De Blasio slams Bloomberg on stop and frisk: He only apologized because he's running for president

De Blasio slams Bloomberg on stop and frisk: He only apologized because he's running for president
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New York City Mayor Bill de BlasioBill de BlasioWoman apologizes after video goes viral of her calling police on black birdwatcher in Central Park De Blasio: 2 million people in New York City face food insecurity amid pandemic Trump calls study on taking earlier action against coronavirus a 'political hit job' MORE (D) ripped his predecessor Mike Bloomberg over the controversial stop-and-frisk policy he oversaw, claiming he only apologized for it because of his presidential bid.

De Blasio, whose own presidential bid flamed out last year, has endorsed Sen. Bernie SandersBernie SandersHillicon Valley: Tech companies lead way on WFH forever | States and counties plead for cybersecurity assistance | Trump weighing anti-conservative bias panel Biden wins Hawaii primary Warren to host high-dollar fundraiser for Biden MORE (I-Vt.), who is now seen as the front-runner for the Democratic nomination, and who battled Bloomberg at Tuesday night's debate.

“As the guy who actually ended the Stop + Frisk policy + settled the lawsuit + sent Bloomberg’s police commissioner packing, let me answer that question: YES, stop and frisk was racist!” tweeted de Blasio following the debate.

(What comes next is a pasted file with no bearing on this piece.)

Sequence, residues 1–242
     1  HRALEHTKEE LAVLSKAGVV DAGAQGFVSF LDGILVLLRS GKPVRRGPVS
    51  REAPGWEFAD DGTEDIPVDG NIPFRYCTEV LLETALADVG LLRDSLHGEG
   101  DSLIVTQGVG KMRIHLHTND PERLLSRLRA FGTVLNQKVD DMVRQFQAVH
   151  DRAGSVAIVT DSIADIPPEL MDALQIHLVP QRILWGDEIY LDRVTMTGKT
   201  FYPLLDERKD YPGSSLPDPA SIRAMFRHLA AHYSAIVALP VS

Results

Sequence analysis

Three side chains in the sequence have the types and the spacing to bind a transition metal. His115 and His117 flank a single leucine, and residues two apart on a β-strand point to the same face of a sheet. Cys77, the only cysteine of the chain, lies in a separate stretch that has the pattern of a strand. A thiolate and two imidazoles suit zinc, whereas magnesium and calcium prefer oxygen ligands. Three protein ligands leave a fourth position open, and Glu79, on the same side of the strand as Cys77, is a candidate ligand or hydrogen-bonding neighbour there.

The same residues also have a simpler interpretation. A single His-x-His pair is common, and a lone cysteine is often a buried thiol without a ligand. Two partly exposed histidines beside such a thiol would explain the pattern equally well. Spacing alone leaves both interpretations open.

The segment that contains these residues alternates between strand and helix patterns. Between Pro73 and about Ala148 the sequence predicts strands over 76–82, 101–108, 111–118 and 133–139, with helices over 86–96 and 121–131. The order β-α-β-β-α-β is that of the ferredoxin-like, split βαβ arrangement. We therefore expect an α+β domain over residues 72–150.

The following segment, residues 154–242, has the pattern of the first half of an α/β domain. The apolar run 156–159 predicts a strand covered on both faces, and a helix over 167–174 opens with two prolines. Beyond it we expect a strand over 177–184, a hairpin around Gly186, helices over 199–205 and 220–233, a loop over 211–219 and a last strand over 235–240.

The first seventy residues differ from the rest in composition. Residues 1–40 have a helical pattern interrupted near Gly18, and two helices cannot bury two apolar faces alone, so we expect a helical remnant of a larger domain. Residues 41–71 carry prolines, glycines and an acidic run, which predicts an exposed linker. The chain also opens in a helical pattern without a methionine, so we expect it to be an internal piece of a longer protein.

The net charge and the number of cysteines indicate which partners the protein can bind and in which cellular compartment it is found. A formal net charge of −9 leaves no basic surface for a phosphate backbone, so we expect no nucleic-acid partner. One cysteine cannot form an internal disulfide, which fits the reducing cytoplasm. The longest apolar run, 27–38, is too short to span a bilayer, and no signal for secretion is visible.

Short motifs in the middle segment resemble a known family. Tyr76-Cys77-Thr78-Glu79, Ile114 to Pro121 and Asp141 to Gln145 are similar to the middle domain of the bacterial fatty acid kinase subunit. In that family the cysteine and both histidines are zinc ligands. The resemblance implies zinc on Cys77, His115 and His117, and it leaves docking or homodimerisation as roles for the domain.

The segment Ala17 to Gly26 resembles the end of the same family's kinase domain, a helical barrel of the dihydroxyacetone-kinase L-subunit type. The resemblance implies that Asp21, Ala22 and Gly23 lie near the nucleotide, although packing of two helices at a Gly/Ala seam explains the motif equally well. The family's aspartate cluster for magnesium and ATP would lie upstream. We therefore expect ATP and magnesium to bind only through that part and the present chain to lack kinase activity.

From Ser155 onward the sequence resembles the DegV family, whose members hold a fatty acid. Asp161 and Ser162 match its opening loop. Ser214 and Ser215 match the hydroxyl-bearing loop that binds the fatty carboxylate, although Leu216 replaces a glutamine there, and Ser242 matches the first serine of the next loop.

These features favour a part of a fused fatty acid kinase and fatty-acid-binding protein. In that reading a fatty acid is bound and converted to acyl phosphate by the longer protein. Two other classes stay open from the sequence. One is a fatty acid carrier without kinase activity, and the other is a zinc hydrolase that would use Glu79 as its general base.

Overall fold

“And @MikeBloomberg stood by it til last year. If he weren’t running for Pres, no apology,” de Blasio added.

A court found the policy was racially discriminatory in 2013. The city appealed the ruling but dropped the appeal after de Blasio replaced Bloomberg the following January.

Bloomberg has frequently come under fire over the policy since entering the presidential race, particularly after audio surfaced of a 2015 speech in which he defended the practice targeting young minorities, telling the audience “Ninety-five percent of your murders — murderers and murder victims — fit one M.O. You can just take the description, Xerox it and pass it out to all the cops. They are male, minorities, 16 to 25.”

Bloomberg hasn't started competing for delegates yet but has spending hundreds of millions of dollars on advertising blanketing states holding March 3 contests — this cycle's Super Tuesday.